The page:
Developer: Nd Cube
Mario Party, as a series, is largely hit or miss for me. The last Wii entry, Mario Party 9, wasn’t my cup of tea. And the first 3DS entry, dubbed Island Tour, isn’t much of an improvement. I was happy to see the board game elements revert back to individual player movement, dice rolling, and dropping the shared vehicle aspect of MP9. I also enjoyed the attempts at diversifying the stages a little more than what MP9 did. But everything else here feels like a step back, with bland mini-games, awful motion controls, and the unfortunate lack of an online component once again.
The mini-games aren’t entirely awful, but there’s more bad than good here. A lot of the mini-games feel like they were simplified for a portable platform, but I feel like Nd Cube might have taken that a bit far. Also, just about every mini-game that involved gyroscope controls was either non-functional or not fun to play. Mario Party: Island Tour will give you a heads up that if your system isn’t responding properly you may need to calibrate it, done by setting it on a flat surface. But by the point you realize things have gone wrong, you’ve already started the mini-game requiring motion, and it’s hardly a great time to try and calibrate your system.
Thankfully the stylus input mini-games, and traditional face button games, fare better from a control perspective. You’ll get a pretty good mix of both, and the motion based ones don’t make up the majority. But still, I found most of the mini-games played to be pretty bland, whether I was playing against the A.I. or an actual person.
Speaking of, you’ll not want to pick this game up unless you have someone around that owns a 3DS. On the plus side, they don’t need to own Mario Party: Island Tour, as the game does support download play for up to 3 additional players. But the lack of online again, especially on a platform that isn’t as ideal as a home console for local play, is an unfortunate omission. I’m not particularly surprised, Nintendo hasn’t shown much interest in introducing online play for the series in the past, but it’s worth noting for potential buyers.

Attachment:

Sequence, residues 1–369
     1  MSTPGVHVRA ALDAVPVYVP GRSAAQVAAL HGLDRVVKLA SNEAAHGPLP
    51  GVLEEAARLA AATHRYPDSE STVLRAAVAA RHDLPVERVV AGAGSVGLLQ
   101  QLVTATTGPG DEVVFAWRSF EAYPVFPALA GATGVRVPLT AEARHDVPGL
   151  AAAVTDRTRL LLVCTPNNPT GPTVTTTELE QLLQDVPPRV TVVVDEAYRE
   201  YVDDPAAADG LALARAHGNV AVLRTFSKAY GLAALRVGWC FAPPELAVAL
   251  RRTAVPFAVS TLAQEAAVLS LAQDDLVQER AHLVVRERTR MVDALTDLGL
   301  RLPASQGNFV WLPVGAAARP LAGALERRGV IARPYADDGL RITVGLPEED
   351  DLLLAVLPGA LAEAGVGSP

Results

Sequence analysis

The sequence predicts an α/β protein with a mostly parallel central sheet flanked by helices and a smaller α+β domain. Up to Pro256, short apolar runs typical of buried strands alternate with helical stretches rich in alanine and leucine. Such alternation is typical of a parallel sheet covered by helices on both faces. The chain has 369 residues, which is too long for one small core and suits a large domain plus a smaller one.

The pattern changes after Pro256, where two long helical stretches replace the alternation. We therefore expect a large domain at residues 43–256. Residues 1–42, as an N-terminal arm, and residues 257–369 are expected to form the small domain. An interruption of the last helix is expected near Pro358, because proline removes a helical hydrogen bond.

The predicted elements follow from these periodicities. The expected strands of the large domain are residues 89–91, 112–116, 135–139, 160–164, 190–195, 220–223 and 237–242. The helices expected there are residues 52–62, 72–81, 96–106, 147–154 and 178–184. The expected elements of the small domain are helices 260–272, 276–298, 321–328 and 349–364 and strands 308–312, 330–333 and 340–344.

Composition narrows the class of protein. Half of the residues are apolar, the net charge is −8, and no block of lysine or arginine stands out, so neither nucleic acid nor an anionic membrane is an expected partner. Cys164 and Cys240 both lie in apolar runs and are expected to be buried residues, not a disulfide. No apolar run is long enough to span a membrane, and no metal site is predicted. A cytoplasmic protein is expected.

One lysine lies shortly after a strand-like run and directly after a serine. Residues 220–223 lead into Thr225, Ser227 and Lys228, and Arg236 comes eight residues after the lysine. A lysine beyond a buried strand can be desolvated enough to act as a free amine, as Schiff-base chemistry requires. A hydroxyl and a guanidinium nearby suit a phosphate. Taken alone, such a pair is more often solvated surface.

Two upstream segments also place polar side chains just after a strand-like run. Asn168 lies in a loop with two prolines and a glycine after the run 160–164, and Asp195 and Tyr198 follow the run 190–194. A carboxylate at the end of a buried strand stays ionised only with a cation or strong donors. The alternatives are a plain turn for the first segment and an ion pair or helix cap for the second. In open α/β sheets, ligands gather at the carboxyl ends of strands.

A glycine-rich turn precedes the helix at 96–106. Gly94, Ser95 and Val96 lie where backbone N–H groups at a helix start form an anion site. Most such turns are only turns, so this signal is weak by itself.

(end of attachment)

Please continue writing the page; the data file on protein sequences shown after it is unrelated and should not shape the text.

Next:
As I mentioned above, one of the better things about this Mario Party entry is the actual stages, or boards, you’ll play on. There’s a solid variety to choose from, and I was happy to see each stage labeled with rankings for Skill, Luck, and Mini-games, along with the expected time to play information. There are also some inventive gimmicks for different boards, like the Bowser stage where you’ll want to stay at the back of the pack for as long as possible in order to win. Then there’s the Bonzai Bill stage that effectively has you playing chicken against Bonzai Bill, opting to advance when moving or ducking into caves in order to hide out and not get hit. All in all you’ll have 7 different stages to choose from, which can take 15 to 60 minutes to complete.
Outside of the traditional party mode, you can check out the various mini-games individually, and there’s a StreetPass feature that will tag your favorite character and set you up to play mini-games against people you’ve passed in StreetPass. I didn’t get to try this particular feature out unfortunately, which is sort of par for the course when it comes to StreetPass in my area.
Finally, there’s the new Bowser’s Tower mode, which pits you against Bowser and his minions across 30 stages, engaging in random mini-games in order to advance upwards. This is probably the lengthiest mode in the game, and feels like it was crafted to provide a better single player experience than the traditional party mode. It can be fun, but that’s entirely reliant on the mini-games you’ll run into, and again most of those aren’t that hot.
So all in all, this isn’t the best Mario Party experience out there. It’s a shame that Nd Cube has effectively fumbled the ball in taking over the reins from Hudson Soft, and if they continue on as the developer for MP, I hope to see some major improvements down the road. This doesn’t hold up even compared to previous portable Mario Party titles, and it’s one of the few Nintendo published titles you can safely skip this holiday season.